Tug crew rescues fishermen from water after capsizing their boat

Two fishermen jumped overboard when a tugboat pushing an empty barge struck their recreational vessel in Virginia's James River. The tug crew rescued both of them.

The tug Lisa Moran ran into the fishing boat at about 0300 on July 14, 2011.

There were no injuries. The tugboat was pushing an empty hopper barge. Operated by Moran Towing, the 2,800-hp Lisa Moran is based in Hampton Roads, Va.

The Carolina Skiff fishing boat was moored at the time of the collision, according to Paul Ledoux, chief of investigations at U.S. Coast Guard Sector Hampton Roads. Lisa Moran was traveling northbound on the James River at about 9 knots. The current was about 0.6 knots at the time of the incident. Conditions were clear and there was good visibility.

The 24-foot fishing boat was moored in the vicinity of channel markers 121/122 and Appomattox River, according to Lt. Anthony Romero, another Coast Guard investigator. There are two bridges in the area, and the James River does begin to bend more approaching Richmond, said Romero.

The channel width is about 0.1 nautical miles wide where the Coast Guard believes the collision occurred, according to Ledoux. "We are trying to identify whether the fishing vessel was in or out of the channel," Ledoux said.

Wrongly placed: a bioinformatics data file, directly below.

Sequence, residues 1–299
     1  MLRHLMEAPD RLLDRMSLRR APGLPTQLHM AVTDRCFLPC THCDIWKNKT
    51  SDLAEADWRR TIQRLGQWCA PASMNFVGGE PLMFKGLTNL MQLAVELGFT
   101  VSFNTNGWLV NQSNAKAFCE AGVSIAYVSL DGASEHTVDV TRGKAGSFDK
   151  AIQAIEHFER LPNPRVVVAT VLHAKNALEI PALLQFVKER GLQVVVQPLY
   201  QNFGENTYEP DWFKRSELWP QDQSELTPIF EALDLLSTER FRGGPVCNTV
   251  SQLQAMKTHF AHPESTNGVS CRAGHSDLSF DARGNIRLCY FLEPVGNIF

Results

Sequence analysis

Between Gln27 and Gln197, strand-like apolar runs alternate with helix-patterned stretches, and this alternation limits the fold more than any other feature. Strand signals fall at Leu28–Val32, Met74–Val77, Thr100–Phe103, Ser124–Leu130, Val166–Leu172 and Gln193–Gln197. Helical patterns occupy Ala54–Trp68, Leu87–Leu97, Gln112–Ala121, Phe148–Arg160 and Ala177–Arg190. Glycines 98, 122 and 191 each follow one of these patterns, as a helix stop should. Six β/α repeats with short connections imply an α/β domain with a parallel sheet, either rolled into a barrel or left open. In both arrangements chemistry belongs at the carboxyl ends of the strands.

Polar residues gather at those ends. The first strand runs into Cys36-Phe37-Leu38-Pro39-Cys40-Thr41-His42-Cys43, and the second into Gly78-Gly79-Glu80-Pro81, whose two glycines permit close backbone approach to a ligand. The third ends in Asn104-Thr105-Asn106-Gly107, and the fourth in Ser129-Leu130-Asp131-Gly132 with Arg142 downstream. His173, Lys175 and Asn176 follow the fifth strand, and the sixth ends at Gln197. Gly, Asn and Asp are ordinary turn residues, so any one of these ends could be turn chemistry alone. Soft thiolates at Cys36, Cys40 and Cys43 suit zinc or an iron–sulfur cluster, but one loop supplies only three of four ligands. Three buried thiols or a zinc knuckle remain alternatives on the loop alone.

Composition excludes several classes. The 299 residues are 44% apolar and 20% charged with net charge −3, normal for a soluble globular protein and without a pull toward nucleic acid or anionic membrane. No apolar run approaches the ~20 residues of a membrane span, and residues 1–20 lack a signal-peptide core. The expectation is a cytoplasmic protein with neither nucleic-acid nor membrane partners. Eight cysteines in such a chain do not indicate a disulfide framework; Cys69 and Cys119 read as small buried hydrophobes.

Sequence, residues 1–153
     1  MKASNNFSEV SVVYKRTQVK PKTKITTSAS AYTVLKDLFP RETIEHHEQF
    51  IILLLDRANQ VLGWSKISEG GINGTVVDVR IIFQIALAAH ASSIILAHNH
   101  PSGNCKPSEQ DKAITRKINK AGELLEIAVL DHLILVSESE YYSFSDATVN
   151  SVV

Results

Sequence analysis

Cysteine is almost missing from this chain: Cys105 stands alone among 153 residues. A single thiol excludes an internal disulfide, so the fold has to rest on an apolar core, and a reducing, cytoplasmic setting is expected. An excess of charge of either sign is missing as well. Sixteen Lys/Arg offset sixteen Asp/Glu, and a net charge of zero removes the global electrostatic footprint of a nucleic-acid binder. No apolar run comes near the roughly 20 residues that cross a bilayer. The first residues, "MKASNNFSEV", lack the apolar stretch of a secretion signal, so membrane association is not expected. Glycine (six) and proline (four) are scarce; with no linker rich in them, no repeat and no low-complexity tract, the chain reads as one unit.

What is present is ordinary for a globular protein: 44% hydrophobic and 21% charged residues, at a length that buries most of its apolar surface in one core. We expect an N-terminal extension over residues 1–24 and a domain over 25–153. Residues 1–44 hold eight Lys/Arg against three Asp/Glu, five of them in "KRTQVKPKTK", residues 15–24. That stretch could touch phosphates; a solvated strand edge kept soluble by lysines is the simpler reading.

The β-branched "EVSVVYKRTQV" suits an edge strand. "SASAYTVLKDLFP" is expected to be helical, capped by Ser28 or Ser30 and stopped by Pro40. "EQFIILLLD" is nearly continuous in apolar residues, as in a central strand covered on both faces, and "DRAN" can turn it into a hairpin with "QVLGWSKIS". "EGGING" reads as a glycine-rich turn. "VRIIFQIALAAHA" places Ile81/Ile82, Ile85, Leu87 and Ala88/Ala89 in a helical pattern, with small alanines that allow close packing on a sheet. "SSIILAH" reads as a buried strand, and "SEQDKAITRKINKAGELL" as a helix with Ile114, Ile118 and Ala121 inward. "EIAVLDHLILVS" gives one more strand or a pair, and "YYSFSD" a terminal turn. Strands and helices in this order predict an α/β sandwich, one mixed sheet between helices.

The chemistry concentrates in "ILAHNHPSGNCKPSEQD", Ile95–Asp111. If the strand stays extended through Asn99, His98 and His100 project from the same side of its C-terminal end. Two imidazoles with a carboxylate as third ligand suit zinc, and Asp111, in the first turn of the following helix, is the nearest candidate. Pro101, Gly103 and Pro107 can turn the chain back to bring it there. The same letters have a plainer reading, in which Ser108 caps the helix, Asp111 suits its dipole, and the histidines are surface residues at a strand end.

The fishing boat did have proper running lights. There is no requirement for a recreational vessel to carry a radio, which the fishing boat did not have.

The James River is a popular place for fishermen, who sometimes anchor and do drift fishing. When fishing in the nighttime, fishermen often drop side lights "that can sometimes be misunderstood as an anchor light," said Ledoux. "Sometimes it does create confusion."

In general, "it is not prudent to anchor in the channel," Ledoux said. Even "if the vessel is anchored out of the channel, they still have the responsibility to know the environment, to know what is going on and to stay clear, if they can, of another vessel," he said.

The two men in the fishing vessel saw the tug coming "and they were able to jump overboard before the collision," said Ledoux. The boat overturned and came down the port side of the empty hopper barge.

One crewmember of Lisa Moran put on a life jacket and jumped over the side, carrying a life sling, to rescue the two men, according to Romero. He placed one man in the life sling, and went and got the other man. The remaining crew on Lisa Moran pulled the man in the life sling back to the tug. With the help of a block and tackle, they brought both men on board the tug.

The two men in the fishing vessel were not wearing life jackets, according to Romero. The life jackets were stowed in the vessel. The Coast Guard is still investigating the incident.

By Professional Mariner Staff